Chinese auto companies should use antitrust tools in future SEPs disputes, industry experts say

22 September 2022 06:27


Chinese auto companies should sharpen their antitrust tools ahead of future industry-wide essential-patent disputes, auto industry experts have warned.

In an article published by China Auto News, an industry media outlet, two experts suggested that Chinese auto companies should actively explore ways to use the country’s antitrust law to guard against potential abusive behaviors by holders of standard-essential patents, or SEPs.

Authors Wu Zhixin and Wang Junlei are respectively the deputy general manager and the intellectual-property rights leader at China Automotive Technology and Research Center, or Catarc, which is overseen by the state-owned Assets Supervision and Administration Commission.

According to their argument, it’s neither applicable nor reasonable for holders of communication-based SEPs to demand fees from end-product makers, including manufacturers of connected cars and internet-of-things-related equipment such as smart-home products, given the SEPs’ limited contribution to these technologies.

The authors pointed to US-based patent pool Avanci and its members’ refusal to license the patents to module-suppliers as an example of holders violating Frand commitments — fair, reasonable and non-discriminatory — and crushing the auto industry’s existing business practices.

This business model may also be linked to suspected IP abuses, they noted, citing a $20 per-vehicle charge imposed by Avanci that they described as unfairly high.

SEP licensing guidelines

The article was published just days after China’s automotive industry released a set of SEP licensing guidelines, which said that any good-faith user of patents should obtain a license and the SEP holder was obliged to grant a license to an intended SEP user — no matter which segment of the automotive industry it operates in.

The guidelines also suggest that the product unit for which the SEP technology makes the actual contribution should be used as calculation base for license fee.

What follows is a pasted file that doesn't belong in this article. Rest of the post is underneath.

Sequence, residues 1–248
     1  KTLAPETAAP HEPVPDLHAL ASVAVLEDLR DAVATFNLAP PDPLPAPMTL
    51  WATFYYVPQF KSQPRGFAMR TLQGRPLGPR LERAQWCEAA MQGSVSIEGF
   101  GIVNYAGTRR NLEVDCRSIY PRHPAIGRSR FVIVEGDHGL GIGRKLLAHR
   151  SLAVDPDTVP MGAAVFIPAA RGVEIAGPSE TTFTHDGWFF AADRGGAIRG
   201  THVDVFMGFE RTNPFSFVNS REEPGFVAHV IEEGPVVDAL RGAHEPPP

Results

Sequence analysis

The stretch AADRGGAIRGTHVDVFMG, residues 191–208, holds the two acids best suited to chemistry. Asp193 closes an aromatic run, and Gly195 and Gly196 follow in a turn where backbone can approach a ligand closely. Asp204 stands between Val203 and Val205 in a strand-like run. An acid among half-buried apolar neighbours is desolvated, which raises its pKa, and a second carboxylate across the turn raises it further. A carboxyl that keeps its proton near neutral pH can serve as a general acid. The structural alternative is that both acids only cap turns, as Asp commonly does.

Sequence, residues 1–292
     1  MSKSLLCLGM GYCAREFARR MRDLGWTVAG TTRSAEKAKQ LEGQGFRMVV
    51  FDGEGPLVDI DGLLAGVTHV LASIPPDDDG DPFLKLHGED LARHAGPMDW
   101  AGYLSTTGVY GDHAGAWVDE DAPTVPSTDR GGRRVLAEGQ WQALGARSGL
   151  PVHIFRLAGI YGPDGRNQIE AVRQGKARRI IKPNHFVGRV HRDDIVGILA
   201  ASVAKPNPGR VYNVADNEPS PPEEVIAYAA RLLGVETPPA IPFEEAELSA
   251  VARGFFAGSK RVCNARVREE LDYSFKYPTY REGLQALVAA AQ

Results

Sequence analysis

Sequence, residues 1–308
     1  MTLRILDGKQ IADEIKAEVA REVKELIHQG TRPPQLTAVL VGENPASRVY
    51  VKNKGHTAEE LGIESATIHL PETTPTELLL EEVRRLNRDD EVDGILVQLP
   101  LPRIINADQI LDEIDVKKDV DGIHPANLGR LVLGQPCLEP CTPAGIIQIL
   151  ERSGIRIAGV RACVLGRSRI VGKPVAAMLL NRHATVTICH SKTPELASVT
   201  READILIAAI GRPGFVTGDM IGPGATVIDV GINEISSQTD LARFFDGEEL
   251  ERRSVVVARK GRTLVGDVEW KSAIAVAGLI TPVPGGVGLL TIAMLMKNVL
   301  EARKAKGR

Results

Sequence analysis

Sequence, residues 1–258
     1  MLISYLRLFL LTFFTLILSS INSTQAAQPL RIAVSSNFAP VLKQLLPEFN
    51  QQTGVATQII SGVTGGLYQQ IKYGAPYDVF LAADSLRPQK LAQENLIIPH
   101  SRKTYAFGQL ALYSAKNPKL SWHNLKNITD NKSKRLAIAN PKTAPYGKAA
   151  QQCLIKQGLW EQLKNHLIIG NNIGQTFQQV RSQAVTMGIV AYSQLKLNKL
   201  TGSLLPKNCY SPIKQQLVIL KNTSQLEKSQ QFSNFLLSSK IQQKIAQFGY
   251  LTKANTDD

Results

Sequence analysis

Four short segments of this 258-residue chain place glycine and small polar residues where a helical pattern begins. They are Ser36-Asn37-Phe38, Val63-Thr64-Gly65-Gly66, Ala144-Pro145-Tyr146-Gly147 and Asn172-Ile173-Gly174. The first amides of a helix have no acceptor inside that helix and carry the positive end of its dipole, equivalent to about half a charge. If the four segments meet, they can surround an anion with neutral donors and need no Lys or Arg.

Catarc and China Academy of Information and Communications Technology, a think tank of China’s Ministry of Industry and Information Technology, jointly released the guidelines on Sept 13. It came amid China’s ambition to build up its intelligent and connected vehicle industry.

According to a China-based IP lawyer who spoke to MLex, because the guidelines aren’t legally binding, it’s unclear whether China’s judiciary will take their sector guidance into consideration when deciding on patent lawsuits in the future.

However, another IP lawyer said that the guidelines could nonetheless be used by Chinese automakers as an excuse to push SEP holders to collect fees from component makers rather than the end-product makers.

Other Voices

As China’s auto industry moves to proactively fend off future legal risks relating to SEP holders, other concerns are now being voiced.

Part of the reason for end-product makers to be targeted by the SEP holders is that it’s much more convenient and efficient to collect fees that way, rather than locating the numerous component makers, according to one lawyer.

Furthermore, connected-car makers have been awarded a high premium from consumers via value-added functions powered by the wireless communication technologies and relevant SEP holders should also be entitled to share in those profits, the lawyer said.

Yesterday, Avanci announced that more than 100 million connected vehicles sold by more than 80 automotive brands were covered by an Avanci license, with the patent holder predicting an additional 30-40 million connected vehicles to be licensed in the next year.

According to Avanci’s website, Chinese OPPO and China Mobile are also among the licensors in its licensing marketplace. As reported yesterday, Avanci has 51 SEPs licensors on board globally, including Nokia, Ericcson and Taiwan’s Acer.

In an email to MLex, an Avanci spokesperson said that the company is currently reviewing the guidelines and looks forward to offering comments at a later point.

-Analysis by Yang Yue

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